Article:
Archives for October 2015

The metal workers

Gabriel and Amy Craig, owners/founders of Smithshop in Corktown, seem to have metal in their blood, which you'd think would be kind of painful until you take a look at how that particular condition has affected their artwork. You never quite knew what metal could do until you see what the two of them can do with the metal that they do. “Basically we make just about anything out of metal,” said Amy. Take the railings of the El Moore, for example, the ones you can see gracing the balconies of the 2nd, 3rd, and 4th floors. They probably look like the original railings that were there more than  a century ago when the El Moore was first built, and in a way they are. But then not quite... “The railings are actually a restoration of the original. Probably about 20 percent of them are … [Read more...]

When the plan leaves the page

When I began working at the El Moore last March, its sustainable renovation was nearly 90 percent complete. Its three floors of annual residential apartments were already beginning to receive many of their finishing touches. I began by participating in early policy building, aesthetic group design sessions and happily helping out with decisions on things as varied as: What kind of vacuum should we buy? How much light should come through the window shades in the bedrooms? Should the china in the Parlor be new or vintage? It was exciting and engrossing to be on this conveyor belt of short term, targeted research and procurement. You get used to making decisions in planning mode. Planning mode becomes the norm. There are times when you can plan and design and set things into motion and there … [Read more...]

Sam the turnkey

Neither fish nor foul, October has always been like a stepping stone into the jaws of winter. And so it was on that dreary Friday afternoon as the El Moore stood silently against the gray sky, an echo of a much grander once-upon-a-time buried out of sight and out of mind in the memories of those who had come and gone through its doors for more than a century. Like a dead relative, the El Moore now lived in the dreams, smiles, and frowns of others, seemingly destined to fade one shade at a time as their memories of a grand red brick building began to be replaced by more recent experiences and events. None of which meant anything to Sam, who sat outside in a dusty red pickup truck wearing a gray hoodie beneath a thick red and black plaid work coat and jeans as he checked a small pile … [Read more...]

Outdoor Photos – October, 2015

Now that we have landscaping, we're enjoying watching their foliage through the seasons. Here are a few photos from this fall. In addition, I've included a photo of the foundation for our bench outside of the elevator tower, and of one of our rain barrels. … [Read more...]

More Furnishings for the Hostel Rooms

We've been working to furnish our main floor hostel rooms with period furniture. We've begun acquiring some beautiful pieces, some of which I photographed last week. Here are some more. One piece requires a bit of explanation. The headboard with the top rollers comes from the Green Garage. It was an old rolling door that was found in our attic. It has now been resurrected as a headboard for one of our beds. Take a look at our most recent acquisitions. … [Read more...]

Voices of Detroit: Janet Webster Jones, Owner, Source Booksellers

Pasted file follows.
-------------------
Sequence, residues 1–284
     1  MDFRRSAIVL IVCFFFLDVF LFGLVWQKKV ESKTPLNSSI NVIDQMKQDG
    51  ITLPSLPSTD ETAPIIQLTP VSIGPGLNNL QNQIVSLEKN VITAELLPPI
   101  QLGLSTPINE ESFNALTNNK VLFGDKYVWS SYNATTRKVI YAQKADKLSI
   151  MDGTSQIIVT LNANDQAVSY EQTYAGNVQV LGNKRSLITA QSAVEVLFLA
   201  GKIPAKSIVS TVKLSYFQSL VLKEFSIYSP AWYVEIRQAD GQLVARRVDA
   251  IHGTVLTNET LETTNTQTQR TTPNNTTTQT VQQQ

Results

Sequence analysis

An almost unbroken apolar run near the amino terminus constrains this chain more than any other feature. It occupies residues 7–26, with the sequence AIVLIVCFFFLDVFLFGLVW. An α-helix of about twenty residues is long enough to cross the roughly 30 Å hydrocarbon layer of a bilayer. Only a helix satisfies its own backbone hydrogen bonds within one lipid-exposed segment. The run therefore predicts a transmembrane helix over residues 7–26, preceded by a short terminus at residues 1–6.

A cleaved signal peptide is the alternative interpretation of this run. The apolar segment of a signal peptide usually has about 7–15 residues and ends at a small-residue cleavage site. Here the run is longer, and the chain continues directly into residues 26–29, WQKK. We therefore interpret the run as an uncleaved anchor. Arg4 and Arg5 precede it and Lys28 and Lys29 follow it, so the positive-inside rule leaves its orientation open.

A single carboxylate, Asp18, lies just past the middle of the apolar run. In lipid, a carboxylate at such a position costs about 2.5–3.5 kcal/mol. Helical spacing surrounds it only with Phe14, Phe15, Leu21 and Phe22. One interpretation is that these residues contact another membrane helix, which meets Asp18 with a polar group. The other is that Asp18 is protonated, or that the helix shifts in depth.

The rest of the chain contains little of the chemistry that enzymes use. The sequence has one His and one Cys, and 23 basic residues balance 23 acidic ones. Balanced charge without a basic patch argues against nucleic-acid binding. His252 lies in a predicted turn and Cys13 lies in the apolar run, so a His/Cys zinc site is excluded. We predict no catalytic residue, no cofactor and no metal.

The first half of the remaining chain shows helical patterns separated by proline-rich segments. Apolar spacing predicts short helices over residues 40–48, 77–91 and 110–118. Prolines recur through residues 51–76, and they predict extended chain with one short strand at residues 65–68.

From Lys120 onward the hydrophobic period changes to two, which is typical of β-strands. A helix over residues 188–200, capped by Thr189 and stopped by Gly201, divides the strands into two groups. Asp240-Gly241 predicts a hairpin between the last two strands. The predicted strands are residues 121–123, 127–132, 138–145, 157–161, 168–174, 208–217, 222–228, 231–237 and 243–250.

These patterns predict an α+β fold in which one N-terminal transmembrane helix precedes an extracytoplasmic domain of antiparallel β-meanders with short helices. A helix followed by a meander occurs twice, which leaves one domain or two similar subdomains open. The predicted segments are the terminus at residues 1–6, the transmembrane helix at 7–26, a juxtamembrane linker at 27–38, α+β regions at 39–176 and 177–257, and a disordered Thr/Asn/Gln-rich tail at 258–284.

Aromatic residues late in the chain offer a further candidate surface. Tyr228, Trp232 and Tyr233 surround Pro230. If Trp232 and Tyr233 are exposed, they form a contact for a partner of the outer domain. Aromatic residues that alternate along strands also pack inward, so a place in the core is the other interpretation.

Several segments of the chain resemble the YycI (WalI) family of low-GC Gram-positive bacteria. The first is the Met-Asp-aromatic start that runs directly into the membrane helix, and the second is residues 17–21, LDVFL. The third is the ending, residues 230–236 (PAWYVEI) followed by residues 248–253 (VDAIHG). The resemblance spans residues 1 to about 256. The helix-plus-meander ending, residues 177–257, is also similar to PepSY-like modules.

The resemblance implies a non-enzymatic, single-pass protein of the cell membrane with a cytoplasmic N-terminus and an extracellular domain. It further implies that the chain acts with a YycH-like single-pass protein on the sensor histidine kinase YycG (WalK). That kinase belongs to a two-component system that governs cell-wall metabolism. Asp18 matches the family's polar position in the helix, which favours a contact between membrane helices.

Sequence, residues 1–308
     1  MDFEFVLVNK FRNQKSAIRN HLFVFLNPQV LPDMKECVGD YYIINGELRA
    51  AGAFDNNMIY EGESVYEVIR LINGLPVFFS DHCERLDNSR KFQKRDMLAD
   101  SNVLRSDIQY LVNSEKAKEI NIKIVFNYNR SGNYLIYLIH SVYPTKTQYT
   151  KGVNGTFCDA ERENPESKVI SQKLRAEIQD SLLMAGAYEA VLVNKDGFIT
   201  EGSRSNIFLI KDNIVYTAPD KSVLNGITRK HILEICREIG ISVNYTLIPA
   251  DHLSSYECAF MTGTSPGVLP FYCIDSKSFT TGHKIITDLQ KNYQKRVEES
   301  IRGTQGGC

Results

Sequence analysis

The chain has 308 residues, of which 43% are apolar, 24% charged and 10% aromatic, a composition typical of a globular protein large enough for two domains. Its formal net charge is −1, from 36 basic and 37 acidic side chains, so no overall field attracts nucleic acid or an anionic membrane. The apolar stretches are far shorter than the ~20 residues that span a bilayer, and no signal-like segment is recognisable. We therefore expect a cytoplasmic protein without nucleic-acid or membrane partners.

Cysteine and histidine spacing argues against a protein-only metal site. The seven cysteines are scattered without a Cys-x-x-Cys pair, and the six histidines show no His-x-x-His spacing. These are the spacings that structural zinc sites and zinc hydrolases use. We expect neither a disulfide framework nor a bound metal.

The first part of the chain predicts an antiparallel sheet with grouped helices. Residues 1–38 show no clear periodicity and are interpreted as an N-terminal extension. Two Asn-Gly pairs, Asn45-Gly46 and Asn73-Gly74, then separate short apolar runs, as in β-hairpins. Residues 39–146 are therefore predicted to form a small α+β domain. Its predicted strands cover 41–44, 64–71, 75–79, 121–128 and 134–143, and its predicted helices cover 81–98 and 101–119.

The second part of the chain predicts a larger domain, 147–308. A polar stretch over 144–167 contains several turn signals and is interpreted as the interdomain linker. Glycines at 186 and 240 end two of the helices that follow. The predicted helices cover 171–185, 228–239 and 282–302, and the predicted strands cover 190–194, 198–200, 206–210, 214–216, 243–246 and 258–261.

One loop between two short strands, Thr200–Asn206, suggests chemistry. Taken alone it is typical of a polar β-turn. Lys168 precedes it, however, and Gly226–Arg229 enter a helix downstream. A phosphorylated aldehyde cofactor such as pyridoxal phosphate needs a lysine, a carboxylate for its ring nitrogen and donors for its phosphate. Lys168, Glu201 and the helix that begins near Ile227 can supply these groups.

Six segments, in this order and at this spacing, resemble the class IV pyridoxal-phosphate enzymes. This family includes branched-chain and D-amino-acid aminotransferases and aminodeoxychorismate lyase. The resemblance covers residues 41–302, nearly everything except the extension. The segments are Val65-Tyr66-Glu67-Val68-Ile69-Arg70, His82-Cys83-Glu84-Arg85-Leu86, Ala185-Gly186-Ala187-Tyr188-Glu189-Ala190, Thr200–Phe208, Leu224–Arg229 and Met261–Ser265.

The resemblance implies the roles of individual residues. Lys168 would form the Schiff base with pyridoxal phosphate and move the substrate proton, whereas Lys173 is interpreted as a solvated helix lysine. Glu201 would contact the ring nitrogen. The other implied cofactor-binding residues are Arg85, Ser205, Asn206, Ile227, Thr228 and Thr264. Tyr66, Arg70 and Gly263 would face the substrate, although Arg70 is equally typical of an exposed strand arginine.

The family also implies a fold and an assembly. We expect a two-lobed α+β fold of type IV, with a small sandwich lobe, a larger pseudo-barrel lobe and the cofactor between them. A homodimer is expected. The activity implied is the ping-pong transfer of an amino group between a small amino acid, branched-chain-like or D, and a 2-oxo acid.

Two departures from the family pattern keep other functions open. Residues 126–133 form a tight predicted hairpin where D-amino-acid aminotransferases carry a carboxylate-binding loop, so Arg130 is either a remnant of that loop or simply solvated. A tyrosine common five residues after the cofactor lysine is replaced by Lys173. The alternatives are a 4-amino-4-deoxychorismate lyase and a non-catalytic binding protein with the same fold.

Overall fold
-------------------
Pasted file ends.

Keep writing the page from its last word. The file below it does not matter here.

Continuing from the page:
With all of the recent discussions about the “new” businesses and residents now populating Detroit, often overlooked are the “old” businesses and business people that have been here in Detroit for decades, fighting, striving, surviving, and even thriving against great odds. Some of those odds have very little to do with Detroit per se, but are new national trends, such as the dearth and death of the traditional independent and corporate-owned bookstores due to the explosive growth of online options such as Amazon. But this IS Detroit, and as we all know by now, “Detroit Hustles Harder.” A Detroit business, an independent bookstore, no less, has been here for over twenty-five years, and is still here welcoming both “new” and “old” Detroiters to Midtown, and teaching the youngin’s how it’s … [Read more...]

Solar Powering the El Moore

  It seems really strange to be talking about solar energy and the 1898 El Moore building.  It's especially strange when you consider that the building was originally built for both electric and gas lighting...they were not sure electric power would be reliable enough, so the backup was gaslights. But 21st Century renewable power is now powering the El Moore.  The image shows the amount of energy generated in September 2015 from our 42  solar PV panels.  It was 1.36 MWh.  This was enough energy to power all the apartment's electrical demands including appliances, lighting, PCs, TVs, fans, etc as well as all the El Moore common areas in September 2015.    This doesn't include the building-wide geothermal pumps for air conditioning. From a carbon standpoint, we produced the … [Read more...]

“In Detroit, Cheap Eats, D.I.Y. Art and the Charm of Locals”

Last week, the travel section of the New York Times ran this "two days in Detroit" feature that includes mention of the El Moore (among other neighborhood things we love, like the Dally in the Alley and Robert Sestok's new sculpture park). The Grey Lady concisely describes us as a "gorgeous 1898 building recently reopened as sustainable, community-oriented apartment building [that] will soon house a hostel." How about that? … [Read more...]

El Moore

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